Millet Helps With Anemia And Iron Deficiency

Millet can raise the iron level. In the case of iron deficiency or if anemia is already present, millet should therefore be on the menu more often. It is true that millet also contains so-called anti-nutrients, which – as is often said – should reduce the usability of iron. In practice, however, this has by no means been confirmed.

Eat millet regularly if you have an iron deficiency

Iron deficiency is common. It is even the most common deficiency disease worldwide. A total of around 2 billion people suffer from iron deficiency, mostly in poor countries. But even in Europe, up to 10 percent of the population and among women of childbearing age even 20 percent are affected by iron deficiency.

In October 2021, a study was published in the journal Frontiers in Nutrition, which showed how regular consumption of millet can increase iron levels (ferritin levels = stored iron) and thus improve or prevent iron deficiency anemia.

Evaluation of 30 studies on the subject of “millet and anemia”

For the aforementioned meta-analysis, 22 human studies and 8 laboratory studies on the subject of “millet consumption and anemia” were evaluated. 7 organizations from 4 countries participated in the study. The initiator of the study was the International Crops Research Institute for the Semi-Arid Tropics (ICRISAT), an international research institution that was founded in 1972 and is dedicated to improving living conditions in the semi-arid tropics of Asia and Africa.

Semi-arid means that there are long dry seasons in these areas, making it difficult to grow food and often leading to famine. Consequently, deficiency symptoms are also the order of the day. Nevertheless, the results of the study are of course interesting and helpful for anyone who is struggling with low ferritin levels and thus also with iron deficiency – regardless of whether they live in Africa, Asia, or Europe.

“Millet can cover all or at least a large part of the daily iron requirement of an average person, according to the results of our study,” explains Dr. Seetha Anitha, study author, and nutritionist at ICRISAT. “The iron content depends on the millet variety and how the millet is processed. Nonetheless, our work shows that millet may play a promising role in preventing iron deficiency anemia.”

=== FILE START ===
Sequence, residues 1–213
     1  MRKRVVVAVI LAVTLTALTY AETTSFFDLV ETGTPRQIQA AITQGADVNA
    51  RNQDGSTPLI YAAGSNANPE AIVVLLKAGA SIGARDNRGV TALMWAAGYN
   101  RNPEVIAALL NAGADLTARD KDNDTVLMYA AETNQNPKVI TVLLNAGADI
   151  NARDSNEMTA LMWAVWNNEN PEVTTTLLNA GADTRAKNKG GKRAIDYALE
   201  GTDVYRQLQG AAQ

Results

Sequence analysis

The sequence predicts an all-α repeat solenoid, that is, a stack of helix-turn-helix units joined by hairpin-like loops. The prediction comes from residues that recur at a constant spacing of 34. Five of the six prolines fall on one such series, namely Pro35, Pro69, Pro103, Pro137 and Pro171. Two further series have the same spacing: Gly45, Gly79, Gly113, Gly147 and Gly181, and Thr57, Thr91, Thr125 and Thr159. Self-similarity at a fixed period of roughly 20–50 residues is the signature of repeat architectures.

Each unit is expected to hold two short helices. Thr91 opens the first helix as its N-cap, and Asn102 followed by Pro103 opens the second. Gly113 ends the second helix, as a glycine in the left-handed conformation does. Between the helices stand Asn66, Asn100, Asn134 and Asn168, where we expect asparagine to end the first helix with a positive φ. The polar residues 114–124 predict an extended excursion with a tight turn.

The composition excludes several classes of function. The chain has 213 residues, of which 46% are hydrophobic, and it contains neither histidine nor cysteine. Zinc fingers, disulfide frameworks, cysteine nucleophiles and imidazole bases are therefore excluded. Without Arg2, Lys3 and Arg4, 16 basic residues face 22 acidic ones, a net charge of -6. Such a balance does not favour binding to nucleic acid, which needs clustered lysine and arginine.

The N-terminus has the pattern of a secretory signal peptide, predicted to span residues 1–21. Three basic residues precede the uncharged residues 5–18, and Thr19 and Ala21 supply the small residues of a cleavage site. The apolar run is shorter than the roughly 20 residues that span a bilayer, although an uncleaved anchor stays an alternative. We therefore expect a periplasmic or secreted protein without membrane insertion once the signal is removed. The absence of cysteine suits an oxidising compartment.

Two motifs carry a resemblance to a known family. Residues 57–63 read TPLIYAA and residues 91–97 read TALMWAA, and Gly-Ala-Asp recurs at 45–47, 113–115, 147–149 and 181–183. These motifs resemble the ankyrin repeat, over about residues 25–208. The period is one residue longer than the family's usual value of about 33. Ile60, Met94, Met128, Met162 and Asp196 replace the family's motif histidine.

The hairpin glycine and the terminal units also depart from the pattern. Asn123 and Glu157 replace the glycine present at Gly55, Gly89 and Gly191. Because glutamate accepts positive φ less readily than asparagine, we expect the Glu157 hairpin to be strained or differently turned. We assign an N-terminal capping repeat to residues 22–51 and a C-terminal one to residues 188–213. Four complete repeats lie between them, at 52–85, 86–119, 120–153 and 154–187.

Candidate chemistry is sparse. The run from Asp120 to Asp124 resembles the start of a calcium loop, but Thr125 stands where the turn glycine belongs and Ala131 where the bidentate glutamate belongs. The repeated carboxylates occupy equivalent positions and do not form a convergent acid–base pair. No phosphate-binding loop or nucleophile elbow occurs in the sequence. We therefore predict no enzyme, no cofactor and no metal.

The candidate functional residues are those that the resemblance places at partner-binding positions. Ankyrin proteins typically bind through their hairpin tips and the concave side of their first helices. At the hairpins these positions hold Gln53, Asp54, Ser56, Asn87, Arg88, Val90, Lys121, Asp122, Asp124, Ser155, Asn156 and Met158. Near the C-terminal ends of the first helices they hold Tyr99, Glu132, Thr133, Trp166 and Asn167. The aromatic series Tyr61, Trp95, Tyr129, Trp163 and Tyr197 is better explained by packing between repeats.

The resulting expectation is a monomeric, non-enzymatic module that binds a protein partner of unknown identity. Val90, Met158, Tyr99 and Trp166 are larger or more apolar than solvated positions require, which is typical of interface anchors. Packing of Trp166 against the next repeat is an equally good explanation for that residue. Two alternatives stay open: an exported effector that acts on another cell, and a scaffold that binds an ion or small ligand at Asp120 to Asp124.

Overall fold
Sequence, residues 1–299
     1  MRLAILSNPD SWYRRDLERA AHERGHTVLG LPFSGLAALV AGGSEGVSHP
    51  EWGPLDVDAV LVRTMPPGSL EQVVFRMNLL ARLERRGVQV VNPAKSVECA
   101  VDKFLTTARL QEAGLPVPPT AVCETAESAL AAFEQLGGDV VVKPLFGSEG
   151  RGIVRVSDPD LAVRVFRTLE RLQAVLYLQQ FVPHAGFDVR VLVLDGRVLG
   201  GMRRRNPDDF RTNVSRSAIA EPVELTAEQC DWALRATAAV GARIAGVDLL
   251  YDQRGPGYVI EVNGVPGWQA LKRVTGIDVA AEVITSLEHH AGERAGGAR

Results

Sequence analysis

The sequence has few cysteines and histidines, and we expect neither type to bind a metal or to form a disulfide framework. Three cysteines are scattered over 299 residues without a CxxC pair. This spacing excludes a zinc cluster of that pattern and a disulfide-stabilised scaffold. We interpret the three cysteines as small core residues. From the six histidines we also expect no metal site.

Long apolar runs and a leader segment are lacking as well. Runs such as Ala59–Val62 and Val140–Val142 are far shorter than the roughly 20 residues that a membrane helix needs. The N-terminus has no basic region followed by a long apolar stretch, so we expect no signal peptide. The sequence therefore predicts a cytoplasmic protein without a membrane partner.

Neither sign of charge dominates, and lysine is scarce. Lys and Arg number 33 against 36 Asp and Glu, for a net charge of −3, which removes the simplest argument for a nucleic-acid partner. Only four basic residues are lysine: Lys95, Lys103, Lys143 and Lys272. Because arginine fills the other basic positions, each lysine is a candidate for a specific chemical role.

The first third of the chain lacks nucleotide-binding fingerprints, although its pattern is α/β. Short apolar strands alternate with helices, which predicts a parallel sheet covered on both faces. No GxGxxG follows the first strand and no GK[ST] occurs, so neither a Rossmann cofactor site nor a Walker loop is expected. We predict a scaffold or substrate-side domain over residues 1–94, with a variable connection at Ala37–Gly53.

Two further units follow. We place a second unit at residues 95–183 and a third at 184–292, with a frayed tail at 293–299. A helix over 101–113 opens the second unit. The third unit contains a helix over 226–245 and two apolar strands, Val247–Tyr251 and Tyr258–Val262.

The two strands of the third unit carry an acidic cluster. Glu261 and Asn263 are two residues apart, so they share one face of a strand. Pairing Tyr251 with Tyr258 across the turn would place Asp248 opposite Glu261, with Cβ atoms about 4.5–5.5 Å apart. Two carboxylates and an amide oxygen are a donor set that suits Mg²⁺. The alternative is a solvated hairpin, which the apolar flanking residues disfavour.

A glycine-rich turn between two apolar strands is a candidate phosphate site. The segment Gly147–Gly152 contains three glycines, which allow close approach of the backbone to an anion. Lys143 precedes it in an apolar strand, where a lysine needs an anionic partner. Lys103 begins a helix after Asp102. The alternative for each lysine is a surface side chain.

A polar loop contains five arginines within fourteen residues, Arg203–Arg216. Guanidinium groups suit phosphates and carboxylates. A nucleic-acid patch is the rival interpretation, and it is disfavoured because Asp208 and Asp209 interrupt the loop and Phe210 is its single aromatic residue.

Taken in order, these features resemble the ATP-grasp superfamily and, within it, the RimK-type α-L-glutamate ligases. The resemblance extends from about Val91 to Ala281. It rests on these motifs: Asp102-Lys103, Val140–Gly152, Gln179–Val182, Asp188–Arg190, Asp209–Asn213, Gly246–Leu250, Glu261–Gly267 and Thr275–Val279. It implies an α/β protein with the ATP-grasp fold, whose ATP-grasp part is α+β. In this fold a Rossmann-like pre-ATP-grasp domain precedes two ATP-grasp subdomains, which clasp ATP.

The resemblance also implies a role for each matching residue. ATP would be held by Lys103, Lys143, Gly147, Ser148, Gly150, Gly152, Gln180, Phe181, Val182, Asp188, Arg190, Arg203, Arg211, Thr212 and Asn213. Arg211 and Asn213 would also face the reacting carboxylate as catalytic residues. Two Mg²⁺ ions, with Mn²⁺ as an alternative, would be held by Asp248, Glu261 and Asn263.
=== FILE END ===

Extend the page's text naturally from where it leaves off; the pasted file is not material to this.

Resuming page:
Because millet increased the hemoglobin level by about 13.2 percent. In four of the evaluated studies, millet was also able to increase the serum ferritin value by an average of 54.7 percent. Both values ​​- the hemoglobin value and the ferritin value in the serum – are used to diagnose an iron deficiency.

Study participants were nearly 1000 children, adolescents, and adults who regularly consumed millet. Six different millet types were studied, including crabgrass, pearl millet, sorghum, and a mixture of foxtail millet, Kodo millet, and small millet.

“It is often claimed that the iron from millet is not readily bioavailable because it is said to contain a high proportion of so-called anti-nutrients,” says Joanna Kane-Potaka, former Deputy Director General of ICRISAT and co-author of the study, which is an important one topic addresses. “However, our research shows that this is not true. On the contrary. The bioavailability of iron from millet is comparable to that of other plant-based foods. Also, the anti-nutrient levels in millet are not higher than in other staple foods, but rather lower.”